The Impact of Labour Flexibility and HRM on Innovation

The Impact of Labour Flexibility and HRM on Innovation

Haibo Zhou (Erasmus University Rotterdam, The Netherlands), Ronald Dekker (Delft University of Technology, The Netherlands & ReflecT at Tilburg University, The Netherlands) and Alfred Kleinknecht (Delft University of Technology, The Netherlands)
Copyright: © 2011 |Pages: 12
DOI: 10.4018/978-1-60960-587-2.ch602
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Abstract

We investigate the impact of labour relations (including use of flexible labour and certain HRM practices) on a firm’s innovative output. Using firm-level data for the Netherlands, we find that active HRM practices such as job rotation, performance pay, high qualification levels of personnel, as well as making use of employees with long-term temporary contracts contribute positively to innovative output, the latter being measured by the log of new product sales per employee. Furthermore, firms that retain high levels of highly qualified personnel are more likely to introduce products that are new to the market (other than only’new to the firm’). Our findings contribute to the growing literature on determinants of innovative performance.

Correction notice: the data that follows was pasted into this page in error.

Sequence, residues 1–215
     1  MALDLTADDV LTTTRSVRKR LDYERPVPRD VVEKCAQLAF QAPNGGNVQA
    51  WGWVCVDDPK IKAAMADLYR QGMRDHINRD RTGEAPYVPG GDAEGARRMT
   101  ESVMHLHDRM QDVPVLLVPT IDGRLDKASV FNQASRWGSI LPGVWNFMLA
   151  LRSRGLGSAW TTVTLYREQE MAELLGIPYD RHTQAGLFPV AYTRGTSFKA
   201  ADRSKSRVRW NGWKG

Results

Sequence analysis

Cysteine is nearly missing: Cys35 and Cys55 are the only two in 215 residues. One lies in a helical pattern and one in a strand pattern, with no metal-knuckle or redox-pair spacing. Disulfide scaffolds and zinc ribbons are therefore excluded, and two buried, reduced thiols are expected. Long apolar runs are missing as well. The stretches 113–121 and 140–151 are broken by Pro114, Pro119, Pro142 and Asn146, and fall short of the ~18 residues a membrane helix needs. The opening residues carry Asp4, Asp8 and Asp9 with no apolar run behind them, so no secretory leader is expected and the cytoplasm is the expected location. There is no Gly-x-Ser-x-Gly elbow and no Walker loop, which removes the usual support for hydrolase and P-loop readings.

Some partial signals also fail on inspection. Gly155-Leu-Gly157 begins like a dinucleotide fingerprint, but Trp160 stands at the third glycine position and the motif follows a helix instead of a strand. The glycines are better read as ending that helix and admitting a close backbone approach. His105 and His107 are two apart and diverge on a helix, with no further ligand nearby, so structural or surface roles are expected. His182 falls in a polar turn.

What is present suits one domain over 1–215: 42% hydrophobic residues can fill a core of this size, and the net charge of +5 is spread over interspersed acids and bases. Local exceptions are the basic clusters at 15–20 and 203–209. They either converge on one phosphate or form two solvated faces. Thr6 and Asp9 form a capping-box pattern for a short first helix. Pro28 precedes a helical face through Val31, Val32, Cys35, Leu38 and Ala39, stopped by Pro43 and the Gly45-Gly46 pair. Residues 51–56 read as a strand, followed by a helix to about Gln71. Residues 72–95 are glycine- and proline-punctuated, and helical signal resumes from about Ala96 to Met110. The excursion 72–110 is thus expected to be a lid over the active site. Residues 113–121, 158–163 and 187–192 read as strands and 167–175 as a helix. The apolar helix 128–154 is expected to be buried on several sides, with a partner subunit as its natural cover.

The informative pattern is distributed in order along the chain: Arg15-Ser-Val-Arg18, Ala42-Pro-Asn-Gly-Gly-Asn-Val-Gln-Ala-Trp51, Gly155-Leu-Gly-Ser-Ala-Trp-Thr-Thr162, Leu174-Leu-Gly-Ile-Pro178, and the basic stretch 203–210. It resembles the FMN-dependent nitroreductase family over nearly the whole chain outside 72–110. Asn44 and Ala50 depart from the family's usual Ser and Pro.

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Labour Relations In The Netherlands

Among enterprises in the Netherlands, we find a fairly wide spectrum of different types of labour relations and HRM practices. One end of the spectrum covers typically 'Rhineland' enterprises with internal labour markets that offer their personnel good wages, fair protection against dismissal, and long-term commitments. The other end of the spectrum includes enterprises that follow Anglo-Saxon practices; the latter employ lots of labour on fixed-term contracts, labour hired temporarily from temporary work agencies or freelance workers, i.e. self employed entrepreneurs that have no personnel.

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